Alexander Tsao of Seattle, Washington was raised to be passionate about conservation, so when the 18-year-old began rock climbing, he discovered a way for the climbing community to support the environment.
Launching Rocks2Dogs in 2019, Alexander is upcycling used rock climbing ropes to support no-kill animal shelters and local charities. Due to safety regulations, Alexander says thousands of ropes are sent to landfills each year, but the college freshman is rescuing used ropes and turning them into dog leashes, the profits from the leashes being donated for good. Selling his leashes in 45 states and working with organizations across the country, Alexander is promoting sustainability and helping vulnerable animals through his volunteerism.
What inspires you to volunteer?
My desire to give back was fostered by my parents. They would host food drives at our house, and my mom and I would volunteer together at a local food bank. I put my best effort forward to make an impact on my community. We rescued my dog, Jinger, a labradoodle, and she served as a big inspiration for me to support animal shelters through my service.
Describe your volunteerism with Rocks2Dogs.
As founder, I select organizations to donate money to, manage our finances and partnerships and coordinate volunteers. I also make and market the leashes. We’ve donated more than $20,000 thus far from leash sales.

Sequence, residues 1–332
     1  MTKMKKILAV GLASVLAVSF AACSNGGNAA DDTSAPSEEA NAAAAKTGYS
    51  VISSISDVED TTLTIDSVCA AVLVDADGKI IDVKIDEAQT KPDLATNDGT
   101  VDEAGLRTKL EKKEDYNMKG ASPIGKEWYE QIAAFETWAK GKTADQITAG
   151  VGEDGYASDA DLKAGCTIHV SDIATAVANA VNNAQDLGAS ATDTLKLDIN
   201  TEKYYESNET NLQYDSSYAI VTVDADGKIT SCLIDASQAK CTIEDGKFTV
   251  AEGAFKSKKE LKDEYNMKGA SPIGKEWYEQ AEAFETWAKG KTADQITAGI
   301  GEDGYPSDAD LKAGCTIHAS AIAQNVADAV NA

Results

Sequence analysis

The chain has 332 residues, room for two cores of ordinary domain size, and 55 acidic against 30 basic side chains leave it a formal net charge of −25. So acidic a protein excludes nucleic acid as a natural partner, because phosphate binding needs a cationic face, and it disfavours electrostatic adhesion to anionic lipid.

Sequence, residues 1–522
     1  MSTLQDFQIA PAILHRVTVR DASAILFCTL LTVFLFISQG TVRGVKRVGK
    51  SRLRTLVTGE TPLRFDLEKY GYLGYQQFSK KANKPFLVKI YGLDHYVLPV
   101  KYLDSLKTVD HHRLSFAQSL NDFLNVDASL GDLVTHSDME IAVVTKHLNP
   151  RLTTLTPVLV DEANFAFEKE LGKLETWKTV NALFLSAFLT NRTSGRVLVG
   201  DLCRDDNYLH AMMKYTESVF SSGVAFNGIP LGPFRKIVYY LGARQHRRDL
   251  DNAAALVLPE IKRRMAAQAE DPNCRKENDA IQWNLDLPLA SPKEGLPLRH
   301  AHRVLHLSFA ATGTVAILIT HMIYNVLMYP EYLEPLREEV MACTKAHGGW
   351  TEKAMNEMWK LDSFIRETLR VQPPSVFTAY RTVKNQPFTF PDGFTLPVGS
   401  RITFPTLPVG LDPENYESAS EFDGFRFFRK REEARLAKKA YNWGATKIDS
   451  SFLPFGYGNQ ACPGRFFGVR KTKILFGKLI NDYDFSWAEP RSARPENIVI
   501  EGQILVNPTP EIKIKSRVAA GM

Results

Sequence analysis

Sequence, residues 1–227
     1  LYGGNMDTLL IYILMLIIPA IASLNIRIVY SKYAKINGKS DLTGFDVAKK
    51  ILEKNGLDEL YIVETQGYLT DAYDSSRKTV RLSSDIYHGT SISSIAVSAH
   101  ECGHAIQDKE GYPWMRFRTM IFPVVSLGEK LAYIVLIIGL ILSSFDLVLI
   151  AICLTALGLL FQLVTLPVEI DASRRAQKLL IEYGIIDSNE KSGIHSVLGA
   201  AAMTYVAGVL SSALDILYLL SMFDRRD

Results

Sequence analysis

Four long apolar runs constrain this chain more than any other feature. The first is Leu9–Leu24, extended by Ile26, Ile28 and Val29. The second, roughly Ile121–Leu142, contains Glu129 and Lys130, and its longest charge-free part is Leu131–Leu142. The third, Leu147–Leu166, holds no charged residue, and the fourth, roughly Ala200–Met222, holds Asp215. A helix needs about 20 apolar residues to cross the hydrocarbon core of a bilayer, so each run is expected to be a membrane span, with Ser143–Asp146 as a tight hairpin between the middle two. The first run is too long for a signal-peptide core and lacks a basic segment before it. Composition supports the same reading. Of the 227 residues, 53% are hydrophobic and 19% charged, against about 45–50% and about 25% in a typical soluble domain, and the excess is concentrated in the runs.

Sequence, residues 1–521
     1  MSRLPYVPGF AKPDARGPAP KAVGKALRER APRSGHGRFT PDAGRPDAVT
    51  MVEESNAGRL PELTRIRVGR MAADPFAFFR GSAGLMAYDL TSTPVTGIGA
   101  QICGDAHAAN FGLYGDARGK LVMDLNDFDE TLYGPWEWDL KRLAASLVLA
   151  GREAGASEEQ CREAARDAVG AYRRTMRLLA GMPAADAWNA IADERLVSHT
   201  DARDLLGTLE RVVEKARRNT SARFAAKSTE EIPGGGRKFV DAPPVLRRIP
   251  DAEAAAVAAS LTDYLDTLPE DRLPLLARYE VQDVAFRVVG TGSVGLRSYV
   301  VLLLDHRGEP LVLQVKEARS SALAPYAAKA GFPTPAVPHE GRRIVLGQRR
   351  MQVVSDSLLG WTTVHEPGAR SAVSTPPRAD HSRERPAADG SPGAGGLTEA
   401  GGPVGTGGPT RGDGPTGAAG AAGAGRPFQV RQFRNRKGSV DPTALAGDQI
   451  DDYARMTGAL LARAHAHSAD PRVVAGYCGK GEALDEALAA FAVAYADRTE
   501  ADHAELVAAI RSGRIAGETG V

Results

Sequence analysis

Explain how you make dog leashes.
It’s a lengthy process. After washing the ropes and letting them dry, we cut them into appropriate sizes and burn the ends of each to prevent fraying. I attach metal hardware and fasten the leash before packaging it for distribution.
Share one personal story with me from your volunteerism.
Some community organizations and food banks had to limit physical donations they were able to accept during the COVID-19 pandemic, and the Redman School Break Food Box Program asked for more financial help during the pandemic. They were going to have to decrease the amount of food they give to families, but because of our monetary donation, they did not have to make those changes. Donating money sometimes feels disconnected because you don’t get the opportunity to see where it goes directly, but in this case, we saw how it was positively impacting people in our neighborhood. That really motivates me to continue giving back and helping people who are going through a difficult time.
Why do you think it’s important for others to give back?
Volunteering helps an individual feel more connected to their community. When you give back to others, that service inspires you to do more and gives you perspective on how your privilege can support other people who may need it more than you do.
What’s in the future for your volunteerism?
The organization will evolve now that I’m at college, but I feel like I started a strong community of supporters and volunteers back home who are willing to help me continue our service. I’m inspired to grow Rocks2Dogs and do as much as we can for the community and possibly beyond.
In one word, what does volunteering mean to you?
Connection. Volunteering connects you to yourself, your community and your perspective on the world.
How can readers help?
Please visit the Rocks2Dogs website for more information about how you can help.
Do you want to make a difference in your community like Alexander Tsao? Find local volunteer opportunities.